Never judge a book by it's cover. When Steely says she understands self-doubt, it comes from experience. It is hard to imagine looking at the composed, fit person we see today and discover in her past she struggled with self-image and a weight that yo-yo'd up and down. "I could lose 25-30 pounds in a month and gain 35 the next month. I didn't do drugs and rarely ever drank - food was my vice."  Post high school, she moved to Vancouver and explored university for awhile, but struggled to find the right direction.  In the meantime she worked as a waitress in a strip bar. "It was a great experience.  I learnt a lot about life, the world and street smarts.  It prepared me for when I later moved to Los Angeles to pursue acting and music."   The downside, while working in the bar she began putting on weight.

Photo shoot and modeling on the runway.
Two director/producers for the original Rambo movie frequently came into the bar on breaks and Steely befriended them - always having their coffee ready as soon as they walked in the door. Out of the blue, one of them encouraged her to audition for a part. “The role called for nudity and you had to audition in a swimsuit. I didn't even think about that. In a panic, I stayed up all night trying to memorize the lines.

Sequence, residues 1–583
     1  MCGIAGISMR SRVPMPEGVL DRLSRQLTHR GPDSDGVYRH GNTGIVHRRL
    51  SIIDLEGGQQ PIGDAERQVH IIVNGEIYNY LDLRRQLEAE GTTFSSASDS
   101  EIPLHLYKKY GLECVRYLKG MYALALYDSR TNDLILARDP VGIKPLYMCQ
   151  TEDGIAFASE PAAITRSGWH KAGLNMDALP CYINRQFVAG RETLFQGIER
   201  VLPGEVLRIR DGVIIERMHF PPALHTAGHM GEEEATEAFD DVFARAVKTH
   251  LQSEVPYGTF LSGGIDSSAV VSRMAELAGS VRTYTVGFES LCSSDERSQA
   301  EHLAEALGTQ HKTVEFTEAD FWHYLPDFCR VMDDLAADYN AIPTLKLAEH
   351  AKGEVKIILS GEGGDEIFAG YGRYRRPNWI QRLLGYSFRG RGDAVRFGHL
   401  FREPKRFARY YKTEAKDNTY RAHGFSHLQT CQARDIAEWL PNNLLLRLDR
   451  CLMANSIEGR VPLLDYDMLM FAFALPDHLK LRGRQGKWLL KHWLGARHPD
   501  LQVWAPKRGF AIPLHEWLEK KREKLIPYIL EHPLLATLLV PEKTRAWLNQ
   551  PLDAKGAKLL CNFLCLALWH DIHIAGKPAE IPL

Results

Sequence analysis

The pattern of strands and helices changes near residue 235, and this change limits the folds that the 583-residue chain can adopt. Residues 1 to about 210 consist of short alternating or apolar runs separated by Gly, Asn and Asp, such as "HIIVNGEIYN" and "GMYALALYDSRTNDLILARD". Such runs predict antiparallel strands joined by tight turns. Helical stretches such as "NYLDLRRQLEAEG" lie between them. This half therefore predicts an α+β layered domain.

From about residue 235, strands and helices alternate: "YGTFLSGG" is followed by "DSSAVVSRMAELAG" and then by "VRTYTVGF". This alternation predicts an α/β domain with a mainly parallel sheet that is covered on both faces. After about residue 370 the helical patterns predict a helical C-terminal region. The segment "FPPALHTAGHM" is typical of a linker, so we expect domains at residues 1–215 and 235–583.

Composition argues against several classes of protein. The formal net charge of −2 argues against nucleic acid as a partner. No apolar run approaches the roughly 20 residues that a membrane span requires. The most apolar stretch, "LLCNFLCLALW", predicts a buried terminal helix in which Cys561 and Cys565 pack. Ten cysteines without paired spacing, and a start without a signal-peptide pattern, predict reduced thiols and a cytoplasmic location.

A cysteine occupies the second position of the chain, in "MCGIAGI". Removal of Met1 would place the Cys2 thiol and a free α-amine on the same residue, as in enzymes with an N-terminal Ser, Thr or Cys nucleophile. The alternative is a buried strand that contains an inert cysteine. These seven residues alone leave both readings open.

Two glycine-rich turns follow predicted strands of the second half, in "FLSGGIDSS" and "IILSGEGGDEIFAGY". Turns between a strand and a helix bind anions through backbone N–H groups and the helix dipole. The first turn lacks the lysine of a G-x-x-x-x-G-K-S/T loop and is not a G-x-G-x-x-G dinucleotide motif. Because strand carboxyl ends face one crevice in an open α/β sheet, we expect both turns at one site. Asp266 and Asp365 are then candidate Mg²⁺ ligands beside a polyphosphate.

I was waiting outside the audition room in a swimsuit that didn't fit and in walked a bartender from another bar - one who enjoyed taunting me about my weight - to audition for the same part. She starting laughing when she saw me.”  In embarrassment Steely panicked, forgot all the lines and completely froze in the audition.  She left without even putting her clothes back on feeling, “This was my BIG chance, my ONLY chance and I blew it. I don't deserve any other chances.”

Photos during her singing career

A trip to Los Angeles several years later opened new doors.  She had been living there for about 4 months and was about to throw in the towel, but was talked into doing a bikini contest. Since she didn't have the Pamela Anderson look of most of the contestants, Steely chose to focus on becoming extremely fit. For 11 weeks she worked with a trainer - eating, sleeping, working out, following all of his instructions to the letter and enjoying the discipline of it all. The outcome? She won.  However, there was a downside. The jealousy of fellow contestants and so call friends caused her to lose several and her response – food.